Kieren Karritypul is a highly talented emerging artist from Merrepen Arts at Nauiyu Community on the Daly River. Karritypul paints subjects associated with the traditional culture and knowledge of his family heritage. This exhibition includes recent paintings, prints and fabric designed by this exciting new artist in his first solo exhibition. I have grown […]
Yulyurlu Lorna Fencer Napurrurla was a Warlpiri artist from Lajamanu in the Tanami Desert of the Northern Territory. Born in the 1920’s, she began painting in 1986 and quickly developed a signature style of vivid colour and liberal use of paint. She soon became one of the most sought after artists in the region, with […]
Maningrida Arts and Culture is a community of artists from approximately 34 outstations in East Arnhem Land. The Art Centre was established in the early 1970’s and is continually on the forefront of innovation and artistic endeavor reflecting the diversity of languages and cultures of the region. Maningrida artists first made prints in the […]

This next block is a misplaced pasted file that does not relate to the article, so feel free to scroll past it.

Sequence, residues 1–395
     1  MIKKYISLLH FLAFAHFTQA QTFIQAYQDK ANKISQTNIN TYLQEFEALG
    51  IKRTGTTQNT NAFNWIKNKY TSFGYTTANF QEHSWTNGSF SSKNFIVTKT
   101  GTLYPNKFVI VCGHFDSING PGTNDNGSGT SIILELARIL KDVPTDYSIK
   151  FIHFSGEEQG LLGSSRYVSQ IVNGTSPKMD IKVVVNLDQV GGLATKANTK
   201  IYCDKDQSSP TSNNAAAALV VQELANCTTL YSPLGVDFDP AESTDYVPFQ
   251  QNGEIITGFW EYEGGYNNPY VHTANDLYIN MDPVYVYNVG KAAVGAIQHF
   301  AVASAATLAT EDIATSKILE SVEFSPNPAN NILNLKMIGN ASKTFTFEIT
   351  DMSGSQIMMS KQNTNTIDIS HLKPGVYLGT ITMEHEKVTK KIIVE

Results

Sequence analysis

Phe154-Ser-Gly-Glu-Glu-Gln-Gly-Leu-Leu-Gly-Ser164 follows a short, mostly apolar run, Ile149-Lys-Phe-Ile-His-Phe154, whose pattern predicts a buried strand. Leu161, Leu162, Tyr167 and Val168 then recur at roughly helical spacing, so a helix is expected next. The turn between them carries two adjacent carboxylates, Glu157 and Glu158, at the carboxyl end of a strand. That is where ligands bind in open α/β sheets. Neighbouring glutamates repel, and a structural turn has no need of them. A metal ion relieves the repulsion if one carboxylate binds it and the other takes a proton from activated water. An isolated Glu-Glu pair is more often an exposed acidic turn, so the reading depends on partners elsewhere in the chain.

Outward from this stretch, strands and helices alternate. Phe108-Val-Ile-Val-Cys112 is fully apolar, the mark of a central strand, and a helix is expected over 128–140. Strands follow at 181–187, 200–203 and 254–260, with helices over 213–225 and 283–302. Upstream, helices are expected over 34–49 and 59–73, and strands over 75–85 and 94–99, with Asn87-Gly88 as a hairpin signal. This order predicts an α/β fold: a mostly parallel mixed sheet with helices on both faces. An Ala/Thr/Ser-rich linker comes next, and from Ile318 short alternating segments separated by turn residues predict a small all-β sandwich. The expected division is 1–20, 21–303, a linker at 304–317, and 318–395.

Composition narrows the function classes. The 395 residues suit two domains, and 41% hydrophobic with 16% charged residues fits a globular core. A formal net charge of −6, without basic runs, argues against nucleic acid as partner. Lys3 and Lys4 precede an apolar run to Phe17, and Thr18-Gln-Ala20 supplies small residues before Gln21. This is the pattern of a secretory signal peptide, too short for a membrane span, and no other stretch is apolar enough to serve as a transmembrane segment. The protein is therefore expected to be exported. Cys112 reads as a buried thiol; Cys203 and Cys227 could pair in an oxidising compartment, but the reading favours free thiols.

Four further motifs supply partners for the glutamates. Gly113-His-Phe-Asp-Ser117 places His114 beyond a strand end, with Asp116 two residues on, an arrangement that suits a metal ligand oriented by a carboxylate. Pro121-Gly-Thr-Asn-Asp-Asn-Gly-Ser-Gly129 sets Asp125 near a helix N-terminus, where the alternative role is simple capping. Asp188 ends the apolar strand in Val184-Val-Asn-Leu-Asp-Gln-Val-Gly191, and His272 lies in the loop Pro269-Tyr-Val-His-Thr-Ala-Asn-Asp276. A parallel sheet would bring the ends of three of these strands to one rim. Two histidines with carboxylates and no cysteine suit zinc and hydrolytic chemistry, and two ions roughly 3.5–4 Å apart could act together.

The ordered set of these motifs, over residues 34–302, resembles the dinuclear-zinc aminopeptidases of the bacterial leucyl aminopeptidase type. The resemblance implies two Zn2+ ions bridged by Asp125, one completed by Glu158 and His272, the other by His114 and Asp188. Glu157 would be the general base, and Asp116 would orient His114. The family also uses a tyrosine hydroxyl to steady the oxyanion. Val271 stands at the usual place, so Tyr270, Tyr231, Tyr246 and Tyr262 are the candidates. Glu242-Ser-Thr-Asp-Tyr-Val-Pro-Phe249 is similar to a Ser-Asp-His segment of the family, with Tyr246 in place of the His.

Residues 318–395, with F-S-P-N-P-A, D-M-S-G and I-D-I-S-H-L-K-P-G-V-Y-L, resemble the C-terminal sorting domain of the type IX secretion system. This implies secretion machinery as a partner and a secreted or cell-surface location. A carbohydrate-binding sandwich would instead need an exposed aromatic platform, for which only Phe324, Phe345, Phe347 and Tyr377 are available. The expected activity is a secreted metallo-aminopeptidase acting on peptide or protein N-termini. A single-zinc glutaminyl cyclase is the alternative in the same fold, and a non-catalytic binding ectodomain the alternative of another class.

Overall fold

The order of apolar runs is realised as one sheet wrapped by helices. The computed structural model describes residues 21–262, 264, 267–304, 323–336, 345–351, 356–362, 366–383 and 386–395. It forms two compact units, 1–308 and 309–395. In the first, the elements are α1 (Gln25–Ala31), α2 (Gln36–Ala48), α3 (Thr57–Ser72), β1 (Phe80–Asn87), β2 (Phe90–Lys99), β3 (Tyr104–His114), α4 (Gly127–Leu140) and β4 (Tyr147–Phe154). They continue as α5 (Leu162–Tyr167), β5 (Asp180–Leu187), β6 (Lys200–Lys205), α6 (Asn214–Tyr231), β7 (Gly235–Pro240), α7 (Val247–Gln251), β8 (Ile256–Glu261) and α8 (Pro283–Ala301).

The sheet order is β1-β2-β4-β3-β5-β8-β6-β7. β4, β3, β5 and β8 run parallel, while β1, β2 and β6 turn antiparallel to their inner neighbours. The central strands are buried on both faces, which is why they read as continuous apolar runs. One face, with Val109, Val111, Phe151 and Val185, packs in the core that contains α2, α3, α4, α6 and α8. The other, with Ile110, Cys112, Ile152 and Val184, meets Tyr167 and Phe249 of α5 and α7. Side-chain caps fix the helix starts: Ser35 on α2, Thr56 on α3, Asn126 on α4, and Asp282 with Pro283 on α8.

In this exhibition Merran Sierakowski presents hostile fishes that surround the Australian coastline. The fishes are a metaphor for the unwelcoming treatment of refugees to our shores; they represent old prejudices and fears, much as images of monsters were depicted on medieval maps of imagined lands. Merran Sierakowski is a prolific artist who consistently […]
In this exhibition, Winsome Jobling reflects upon the exploitation of Earth and questions the increasing imbalance of the human – nature relationship. Through rich organic images Jobling explores the nature of landscapes that have been disemboweled by human activity, leaving scars and exit wounds that may never be healed. The works consist of handmade paper […]